A bank is a financial institution that accepts deposits from the public and creates a demand deposit while simultaneously making loans. Lending activities can be directly performed by the bank or indirectly through capital markets.
In the U.S., the term commercial bank is used for a normal bank to distinguish it from an investment bank. After the Great Depression, the Glass–Steagall Act restricted normal banks to banking activities, and investment banks to capital market activities. That distinction was repealed in the 1990s. Commercial bank can also refer to a bank or a division of a bank that deals mostly with deposits and loans from corporations or large businesses, as opposed to individual members of the public (retail banking). (Full article...)
A transaction account, also called a checking account, chequing account, current account, demand deposit account, or share draft account at credit unions, is a deposit account or bank account held at a bank or other financial institution. It is available to the account owner "on demand" and is available for frequent and immediate access by the account owner or to others as the account owner may direct. Access may be in a variety of ways, such as cash withdrawals, use of debit cards, cheques and electronic transfer. In economic terms, the funds held in a transaction account are regarded as liquid funds. In accounting terms, they are considered as cash.
Transaction accounts are known by a variety of descriptions, including a current account (British English), chequing account or checking account when held by a bank, share draft account when held by a credit union in North America. In the United Kingdom, Hong Kong, India, Ireland, Australia, New Zealand, Singapore and a number of other countries, they are commonly called current or cheque accounts. Because money is available on demand they are also sometimes known as demand accounts or demand deposit accounts. In the United States, NOW accounts operate as transaction accounts. (Full article...)
In addition to the bill payment facility, most banks will also offer various features with their electronic bill payment systems. These include the ability to schedule payments in advance to be made on a specified date (convenient for installments such as mortgage and support payments), to save the biller information for reuse at a future time and various options for searching the recent payment history. In many cases the payment data can also be downloaded and posted directly into the customer's accounting or personal finance software. (Full article...)
This practice originates from legal necessity: in the United States, the commerce departments of state governments generally prohibit or restrict the use of certain words in the names of corporations unless those corporations are legitimate chartered banks. For example, words prohibited by the state of Louisiana include bank, banker, banking, savings, safe deposit, trust, trustee, and credit union. (Full article...)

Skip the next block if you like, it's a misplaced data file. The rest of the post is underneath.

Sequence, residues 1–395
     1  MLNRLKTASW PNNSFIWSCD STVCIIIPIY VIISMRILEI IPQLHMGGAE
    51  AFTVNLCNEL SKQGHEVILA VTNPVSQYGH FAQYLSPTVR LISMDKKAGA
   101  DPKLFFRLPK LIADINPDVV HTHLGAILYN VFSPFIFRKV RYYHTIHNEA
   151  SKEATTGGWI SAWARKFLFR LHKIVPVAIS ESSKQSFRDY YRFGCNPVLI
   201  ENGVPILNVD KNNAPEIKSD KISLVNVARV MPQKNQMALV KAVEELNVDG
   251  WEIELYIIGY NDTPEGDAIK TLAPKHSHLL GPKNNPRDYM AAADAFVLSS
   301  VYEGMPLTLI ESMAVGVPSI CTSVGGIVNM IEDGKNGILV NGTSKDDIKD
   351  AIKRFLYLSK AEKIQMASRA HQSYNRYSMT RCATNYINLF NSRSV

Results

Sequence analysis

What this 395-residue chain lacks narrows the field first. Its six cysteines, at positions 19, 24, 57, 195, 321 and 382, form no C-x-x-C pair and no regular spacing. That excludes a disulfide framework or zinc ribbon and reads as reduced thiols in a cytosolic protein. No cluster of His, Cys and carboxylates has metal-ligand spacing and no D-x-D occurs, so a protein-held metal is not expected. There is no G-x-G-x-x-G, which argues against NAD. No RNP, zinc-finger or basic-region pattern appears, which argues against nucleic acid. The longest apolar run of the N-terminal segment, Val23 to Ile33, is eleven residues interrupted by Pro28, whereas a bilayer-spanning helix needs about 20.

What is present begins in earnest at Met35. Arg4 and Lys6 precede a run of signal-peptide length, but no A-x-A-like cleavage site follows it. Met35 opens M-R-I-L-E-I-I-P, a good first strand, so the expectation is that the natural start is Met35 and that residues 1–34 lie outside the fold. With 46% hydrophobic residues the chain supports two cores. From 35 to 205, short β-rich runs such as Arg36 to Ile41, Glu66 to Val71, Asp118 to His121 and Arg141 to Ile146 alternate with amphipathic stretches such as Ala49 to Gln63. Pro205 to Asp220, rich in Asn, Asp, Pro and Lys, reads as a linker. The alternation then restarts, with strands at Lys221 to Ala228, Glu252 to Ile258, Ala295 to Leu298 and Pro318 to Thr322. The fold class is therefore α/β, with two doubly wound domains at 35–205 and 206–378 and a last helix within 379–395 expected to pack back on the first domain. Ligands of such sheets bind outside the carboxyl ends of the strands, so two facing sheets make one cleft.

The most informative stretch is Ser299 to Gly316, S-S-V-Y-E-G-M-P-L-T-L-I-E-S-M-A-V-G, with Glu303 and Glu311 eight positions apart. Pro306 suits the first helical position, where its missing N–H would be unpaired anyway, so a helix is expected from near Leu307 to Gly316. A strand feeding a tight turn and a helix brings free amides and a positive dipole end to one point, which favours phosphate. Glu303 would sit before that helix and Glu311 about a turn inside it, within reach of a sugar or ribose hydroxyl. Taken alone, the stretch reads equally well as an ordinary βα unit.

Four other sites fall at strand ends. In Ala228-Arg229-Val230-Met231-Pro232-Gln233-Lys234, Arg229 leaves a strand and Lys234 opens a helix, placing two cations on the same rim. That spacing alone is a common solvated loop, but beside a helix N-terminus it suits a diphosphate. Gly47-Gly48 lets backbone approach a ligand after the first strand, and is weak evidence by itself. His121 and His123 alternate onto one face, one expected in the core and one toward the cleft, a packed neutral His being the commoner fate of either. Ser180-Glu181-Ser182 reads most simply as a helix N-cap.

Other areas of ethical consumerism, such as fair trade labelling, have comprehensive codes and regulations which must be adhered to in order to be certified. Ethical banking has not developed to this point; because of this it is difficult to create a concrete definition that distinguishes ethical banks from conventional banks. Ethical banks are regulated by the same authorities as traditional banks and have to abide by the same rules. While there are differences between ethical banks, they do share a desire to uphold principles in the projects they finance, the most frequent including: transparency and social and/or environmental values. Ethical banks sometimes work with narrower profit margins than traditional ones, and therefore they may have few offices and operate mostly by phone, Internet, or mail. Ethical banking is considered one of several forms of alternative banking. (Full article...)
The CAMELS rating is a supervisory rating system originally developed in the U.S. to classify a bank's overall condition. It is applied to every bank and credit union in the U.S. and is also implemented outside the U.S. by various banking supervisory regulators.
A direct bank (sometimes called a branch-less bank or virtual bank) is a bank that offers its services only via the Internet, mobile app, email, and other electronic means, often including telephone, online chat, and mobile check deposit. A direct bank has no branch network. It may offer access to an independent banking agent network and may also provide access via ATMs (often through interbank network alliances), and bank by mail. Direct banks eliminate the costs of maintaining a branch network while offering convenience to customers who prefer digital technology. Direct banks provide some but not all of the services offered by physical banks.